1. Get a seat at the table as early as possible so that you can get answers to some of the above questions.
  2. Stay nimble as there may be many unknowns.
  3. Use a reasonableness standard when making decisions throughout the process.


To continue this discussion or to ask questions, please connect with me at djones@lhediscovery.com.

About the Author
Debora Motyka Jones, Esq.

Senior Advisor, Market Engagement and Operations

Debora has been with Lighthouse since 2009 and has made a significant impact on the company’s growth and business strategy during her tenure. With a background in litigation from practicing at law firms in both Washington D.C and Washington State, her expertise and deep understanding of complex ediscovery matters enabled her to create a resonating brand and architect the innovative products and services that keep Lighthouse at the forefront of the ediscovery market. She led the execution and implementation of the company’s rebranding in 2012 and developed the marketing department from the ground up. In addition, she has been instrumental in spearheading the company’s strategic technology partnerships, driving the formation of Lighthouse’s product strategy, and the evolution of Lighthouse’s SmartSeries. She also instituted and continues to maintain a client advisory board to ensure strong alignment with market demands. Finally, in 2015, Debora lead the company’s expansion to the eastern seaboard by managing the development the New York office and team, as well as expanding upon the company’s current set of services and clientele.

Prior to joining Lighthouse, Debora was a Complex Commercial Litigation Associate at Weil, Gotshal & Manges LLP in Washington, D.C. where she worked on matters such as the WorldCom and Enron bankruptcies. Her practice also included multi-million-dollar commercial and securities litigation, and internal investigations. While at Weil, Debora was recognized three times for her dedication to pro bono service. Debora also practiced as a litigation Associate at McNaul Ebel Nawrot & Helgren PLLC. Her practice included commercial, employment, and securities litigation, as well as legal malpractice defense.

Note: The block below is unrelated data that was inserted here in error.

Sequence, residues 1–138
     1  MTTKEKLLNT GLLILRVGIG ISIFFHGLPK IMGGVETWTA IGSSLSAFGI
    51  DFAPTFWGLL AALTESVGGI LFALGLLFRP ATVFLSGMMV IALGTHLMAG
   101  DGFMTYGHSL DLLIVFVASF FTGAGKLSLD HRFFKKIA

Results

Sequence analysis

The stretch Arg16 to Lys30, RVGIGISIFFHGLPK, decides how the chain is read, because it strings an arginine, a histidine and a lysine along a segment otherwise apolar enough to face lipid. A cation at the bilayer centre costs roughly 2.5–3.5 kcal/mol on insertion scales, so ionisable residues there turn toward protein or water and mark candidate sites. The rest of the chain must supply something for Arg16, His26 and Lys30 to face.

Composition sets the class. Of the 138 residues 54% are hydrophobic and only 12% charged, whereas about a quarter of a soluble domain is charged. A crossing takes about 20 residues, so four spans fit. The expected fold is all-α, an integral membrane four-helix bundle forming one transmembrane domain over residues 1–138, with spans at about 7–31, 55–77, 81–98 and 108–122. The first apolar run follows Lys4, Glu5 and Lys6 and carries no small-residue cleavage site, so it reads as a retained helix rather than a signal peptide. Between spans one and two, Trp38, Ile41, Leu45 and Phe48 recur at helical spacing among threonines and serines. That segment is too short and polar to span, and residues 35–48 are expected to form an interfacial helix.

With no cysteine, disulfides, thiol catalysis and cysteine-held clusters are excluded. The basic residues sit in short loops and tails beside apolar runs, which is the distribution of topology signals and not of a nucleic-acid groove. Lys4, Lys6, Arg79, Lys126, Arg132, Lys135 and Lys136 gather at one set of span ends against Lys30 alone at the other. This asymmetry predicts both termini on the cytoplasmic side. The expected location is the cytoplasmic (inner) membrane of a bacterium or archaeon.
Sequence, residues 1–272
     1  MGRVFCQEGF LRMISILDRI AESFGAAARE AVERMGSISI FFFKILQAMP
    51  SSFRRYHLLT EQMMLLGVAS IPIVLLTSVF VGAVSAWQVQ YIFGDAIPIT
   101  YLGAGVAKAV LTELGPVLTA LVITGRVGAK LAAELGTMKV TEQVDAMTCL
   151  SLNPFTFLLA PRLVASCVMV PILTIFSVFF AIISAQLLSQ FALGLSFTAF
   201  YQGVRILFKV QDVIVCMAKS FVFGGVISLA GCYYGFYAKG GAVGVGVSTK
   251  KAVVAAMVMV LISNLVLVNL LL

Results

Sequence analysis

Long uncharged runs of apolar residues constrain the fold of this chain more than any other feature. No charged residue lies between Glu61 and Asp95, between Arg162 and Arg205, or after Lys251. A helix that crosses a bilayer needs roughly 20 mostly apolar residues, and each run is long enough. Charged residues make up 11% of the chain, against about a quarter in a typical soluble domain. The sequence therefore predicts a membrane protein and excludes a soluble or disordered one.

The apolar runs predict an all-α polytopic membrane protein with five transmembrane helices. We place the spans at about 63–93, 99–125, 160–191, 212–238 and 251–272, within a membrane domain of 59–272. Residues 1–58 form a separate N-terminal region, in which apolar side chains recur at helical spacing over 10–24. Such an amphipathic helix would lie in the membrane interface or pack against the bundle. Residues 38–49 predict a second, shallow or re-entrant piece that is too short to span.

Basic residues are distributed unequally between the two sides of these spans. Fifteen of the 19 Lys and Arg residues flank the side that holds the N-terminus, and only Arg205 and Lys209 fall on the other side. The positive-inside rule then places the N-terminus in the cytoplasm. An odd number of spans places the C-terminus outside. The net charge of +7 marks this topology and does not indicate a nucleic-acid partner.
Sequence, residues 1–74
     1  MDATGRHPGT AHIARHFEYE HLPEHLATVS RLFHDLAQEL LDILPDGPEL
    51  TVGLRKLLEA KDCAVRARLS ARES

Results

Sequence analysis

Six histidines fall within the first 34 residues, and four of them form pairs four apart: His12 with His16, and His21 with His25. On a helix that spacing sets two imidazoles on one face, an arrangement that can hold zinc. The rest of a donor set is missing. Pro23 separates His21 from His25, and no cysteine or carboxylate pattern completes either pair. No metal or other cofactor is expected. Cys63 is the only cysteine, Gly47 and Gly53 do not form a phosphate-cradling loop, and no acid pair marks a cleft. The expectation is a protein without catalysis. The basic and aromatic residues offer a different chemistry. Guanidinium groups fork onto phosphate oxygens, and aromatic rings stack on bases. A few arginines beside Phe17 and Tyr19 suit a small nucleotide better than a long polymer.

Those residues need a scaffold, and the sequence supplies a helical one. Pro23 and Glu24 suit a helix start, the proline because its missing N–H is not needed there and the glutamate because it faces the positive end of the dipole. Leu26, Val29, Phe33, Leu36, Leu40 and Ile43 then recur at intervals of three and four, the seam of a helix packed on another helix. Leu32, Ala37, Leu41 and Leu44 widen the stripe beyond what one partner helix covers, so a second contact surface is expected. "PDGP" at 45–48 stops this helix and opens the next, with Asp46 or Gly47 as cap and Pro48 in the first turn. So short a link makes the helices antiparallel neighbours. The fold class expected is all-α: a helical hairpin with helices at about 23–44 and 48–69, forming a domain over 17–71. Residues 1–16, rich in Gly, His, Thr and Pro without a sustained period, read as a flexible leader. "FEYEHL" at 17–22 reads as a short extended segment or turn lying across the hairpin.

Debora received a B.A. in Psychology from the University of Washington where she graduated magna cum laude. She received her law degree from The George Washington University Law School in Washington, D.C. She is admitted to practice law in New York State, the District of Columbia (inactive membership), and Washington State. Debora is Level II Pragmatic Marketing Certified. Debora is actively involved in the legal community as the former Director of Women in eDiscovery, as a mentor with Mother Attorneys Mentoring Association of Seattle, as an Advisory Board Member for the Organization of Legal Professionals, as the former Chair of the Association of Corporate Counsel (ACC)'s New to In-House Committee, and as a former board member of the Washington Women Lawyers (WWL). Debora was also recognized for her contribution to the ACC and was named 2012 WWL Board Member of the Year. Debora is a frequent speaker on eDiscovery strategy, a former instructor for the Organization of Legal Professionals, and a regular Lighthouse blog contributor.